While the new Ferrari California T might handle better than the car it replaces, how will it get on against an Aston Martin Vanquish Volante?
|Model||Engine||Power||Torque||0-100kph||Top speed||Weight||Basic price|
|Aston Martin Vanquish Volante||V12, 5935cc||565bhp @ 6750rpm||620Nm (457 lb ft) @ 5500rpm||4.1sec||295kph||1844kg (306bhp/ton)||$323,000|
|Ferrari California T||V8, twin-turbo, 3855cc||552bhp @ 7500rpm||755Nm (557lb ft) @ 4750rpm in VII gear||3.6sec||316kph||1625kg (340bhp/ton)||$239,500|
We cannot display this galleryConsider if you will the most successful Ferrari of the last decade, for surely it is the award-winning 458 Italia, or its more track-orientated alter ego, the Speciale…?
Actually no. In purely financial terms, it’s the California.
Hard to believe, right? During the original model’s five-year life cycle, Ferrari’s grand tourer sold to more than 10,000 customers, 70 per cent of whom had never before owned a sports car with a prancing horse on the bonnet. Much of this came down to not only cachet (it was a Ferrari, after all) but also – by sports car standards at least – practicality, it offering four(ish) seats, lower fuel consumption and a boot capable of holding slightly more than a goldfish. It was, naturally, a model that made Ferrari purists baulk much as the Cayenne did with Porsche fans almost a decade earlier. For Maranello’s accounts department though it was a godsend, offering a wider appeal than Ferrari had managed hitherto, and providing a more lucrative market share as a result.
Phrases like ‘versatility’ and ‘fuel efficiency’ similarly littered the company’s official press garble when the second gen California made its debut last year. Unlike its oft-criticised predecessor however, the newboy came with sharper looks, more performance-orientated aerodynamics and – of course – an all-new twin-turbo V8, the first such unit fitted to a Ferrari since the F40 in 1987. Boasting 100bhp and nearly 200lb ft more than the outgoing naturally aspirated unit (but retaining the impressive L/100km figures), the new California T promised improved dynamism but also marked the dawn of a new forced induction era at Ferrari. Purists once again were unimpressed, even if the technological significance for the company’s future was hard to ignore.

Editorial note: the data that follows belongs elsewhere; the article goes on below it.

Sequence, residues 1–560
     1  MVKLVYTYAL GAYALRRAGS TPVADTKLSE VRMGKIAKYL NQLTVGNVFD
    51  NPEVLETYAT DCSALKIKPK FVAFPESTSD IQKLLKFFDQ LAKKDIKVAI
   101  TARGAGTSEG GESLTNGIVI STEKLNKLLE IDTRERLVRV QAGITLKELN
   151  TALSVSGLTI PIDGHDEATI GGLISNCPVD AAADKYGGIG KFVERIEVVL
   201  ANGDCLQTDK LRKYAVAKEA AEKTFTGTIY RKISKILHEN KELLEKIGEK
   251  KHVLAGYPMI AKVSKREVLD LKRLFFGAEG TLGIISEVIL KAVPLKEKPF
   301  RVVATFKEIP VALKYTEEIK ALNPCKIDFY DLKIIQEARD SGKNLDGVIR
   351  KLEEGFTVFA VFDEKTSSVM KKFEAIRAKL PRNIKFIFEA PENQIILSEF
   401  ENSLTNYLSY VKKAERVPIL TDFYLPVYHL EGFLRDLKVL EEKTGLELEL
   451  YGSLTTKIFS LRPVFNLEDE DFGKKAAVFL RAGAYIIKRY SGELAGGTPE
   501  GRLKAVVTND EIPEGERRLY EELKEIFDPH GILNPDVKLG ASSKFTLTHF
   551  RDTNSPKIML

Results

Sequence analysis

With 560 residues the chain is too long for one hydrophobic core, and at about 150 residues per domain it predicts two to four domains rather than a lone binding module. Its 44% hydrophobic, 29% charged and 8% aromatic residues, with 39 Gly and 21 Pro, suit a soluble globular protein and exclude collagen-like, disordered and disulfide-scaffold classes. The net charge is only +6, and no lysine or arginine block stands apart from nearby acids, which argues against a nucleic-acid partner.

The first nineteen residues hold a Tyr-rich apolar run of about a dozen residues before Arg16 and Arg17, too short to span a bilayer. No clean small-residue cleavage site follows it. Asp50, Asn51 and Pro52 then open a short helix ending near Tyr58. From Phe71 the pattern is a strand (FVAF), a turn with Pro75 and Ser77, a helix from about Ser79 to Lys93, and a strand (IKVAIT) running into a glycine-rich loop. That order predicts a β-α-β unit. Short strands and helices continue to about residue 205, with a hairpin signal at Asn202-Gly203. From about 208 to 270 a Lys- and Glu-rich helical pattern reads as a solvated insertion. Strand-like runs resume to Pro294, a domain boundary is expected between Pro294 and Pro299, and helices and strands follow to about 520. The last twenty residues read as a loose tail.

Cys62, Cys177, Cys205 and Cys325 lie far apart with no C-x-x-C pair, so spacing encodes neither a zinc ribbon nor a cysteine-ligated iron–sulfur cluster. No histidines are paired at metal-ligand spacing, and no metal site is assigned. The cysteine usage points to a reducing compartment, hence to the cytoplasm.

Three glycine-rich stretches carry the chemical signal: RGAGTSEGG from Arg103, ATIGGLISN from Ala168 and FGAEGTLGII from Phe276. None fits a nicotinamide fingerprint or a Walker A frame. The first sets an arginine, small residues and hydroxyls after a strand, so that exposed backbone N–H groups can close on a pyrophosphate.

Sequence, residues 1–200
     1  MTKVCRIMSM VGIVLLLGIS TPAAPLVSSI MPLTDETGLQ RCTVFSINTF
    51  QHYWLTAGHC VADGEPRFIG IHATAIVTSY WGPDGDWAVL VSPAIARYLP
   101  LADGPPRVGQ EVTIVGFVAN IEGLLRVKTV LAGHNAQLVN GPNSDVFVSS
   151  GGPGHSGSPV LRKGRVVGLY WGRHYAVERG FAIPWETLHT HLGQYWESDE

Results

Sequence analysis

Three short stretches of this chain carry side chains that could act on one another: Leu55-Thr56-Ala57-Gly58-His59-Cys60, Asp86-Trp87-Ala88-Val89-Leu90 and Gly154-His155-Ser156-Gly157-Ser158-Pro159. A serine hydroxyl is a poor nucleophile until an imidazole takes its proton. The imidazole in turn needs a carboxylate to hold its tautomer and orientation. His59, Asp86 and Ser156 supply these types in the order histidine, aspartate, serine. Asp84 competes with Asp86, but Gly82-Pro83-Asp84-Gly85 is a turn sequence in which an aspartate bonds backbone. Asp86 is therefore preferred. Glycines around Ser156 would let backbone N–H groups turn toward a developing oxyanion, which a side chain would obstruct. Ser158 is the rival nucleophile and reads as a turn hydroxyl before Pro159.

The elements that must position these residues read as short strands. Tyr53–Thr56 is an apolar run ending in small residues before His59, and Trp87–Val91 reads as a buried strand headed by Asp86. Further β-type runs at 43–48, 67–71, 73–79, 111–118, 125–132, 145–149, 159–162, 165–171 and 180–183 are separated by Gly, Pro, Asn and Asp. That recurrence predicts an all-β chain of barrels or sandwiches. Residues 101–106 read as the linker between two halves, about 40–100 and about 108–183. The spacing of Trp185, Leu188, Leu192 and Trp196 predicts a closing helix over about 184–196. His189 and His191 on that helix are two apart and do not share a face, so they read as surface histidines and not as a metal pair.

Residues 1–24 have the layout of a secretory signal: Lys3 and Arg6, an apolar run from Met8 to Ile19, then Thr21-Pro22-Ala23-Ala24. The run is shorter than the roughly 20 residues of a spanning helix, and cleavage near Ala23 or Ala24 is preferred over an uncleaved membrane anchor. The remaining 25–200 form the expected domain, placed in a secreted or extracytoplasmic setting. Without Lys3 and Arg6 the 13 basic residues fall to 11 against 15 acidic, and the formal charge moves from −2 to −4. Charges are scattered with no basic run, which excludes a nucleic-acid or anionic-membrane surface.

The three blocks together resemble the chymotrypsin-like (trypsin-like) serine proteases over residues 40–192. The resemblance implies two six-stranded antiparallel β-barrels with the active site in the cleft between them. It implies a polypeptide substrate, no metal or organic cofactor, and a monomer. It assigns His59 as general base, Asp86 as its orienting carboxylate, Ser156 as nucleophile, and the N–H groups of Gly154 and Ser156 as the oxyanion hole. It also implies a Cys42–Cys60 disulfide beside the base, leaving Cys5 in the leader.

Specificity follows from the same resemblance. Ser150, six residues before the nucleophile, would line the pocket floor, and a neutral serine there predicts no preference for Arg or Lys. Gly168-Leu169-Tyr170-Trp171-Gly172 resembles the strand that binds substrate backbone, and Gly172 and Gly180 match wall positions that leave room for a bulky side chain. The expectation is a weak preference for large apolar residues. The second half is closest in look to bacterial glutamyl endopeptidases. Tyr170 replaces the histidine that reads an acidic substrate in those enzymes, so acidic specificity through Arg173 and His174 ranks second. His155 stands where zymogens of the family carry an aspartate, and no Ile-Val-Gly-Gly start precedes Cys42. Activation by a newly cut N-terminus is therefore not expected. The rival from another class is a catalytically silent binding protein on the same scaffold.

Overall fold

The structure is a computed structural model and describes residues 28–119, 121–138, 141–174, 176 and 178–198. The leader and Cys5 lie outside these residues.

By comparison, the all-new Aston Martin Vanquish Volante was welcomed with open arms. The first convertible version of Aston’s top drawer grand tourer, the new Vanquish – now free of its Die Another Day stigma – featured Aston’s new lightweight VH architecture, a revised – and sharper – Touchtronic 2 six-speed automatic gearbox, brakes lifted from the One-77 hypercar, and a retuned 6-litre V12. Moreover, it was also the first fully carbon fibre-skinned Volante in Aston’s 100 year history, making it among the stiffest GT convertibles on the market. And possibly, the best.
One does wonder though if, with a new performance-orientated Ferrari California T on the prowl, the Aston Martin Vanquish Volante is still the sportiest convertible grand tourer available today. Only one way to find out…
It’s approaching 5.30pm in our traditional Hatta hunting ground, and so far every razor sharp bodyline – regardless of angle – has offered yet more ‘money shots’ for photographer Hari as the sun in the sky begins to dip: indeed, so struck is he with our $560K pair that we are still shooting when midnight has been and gone.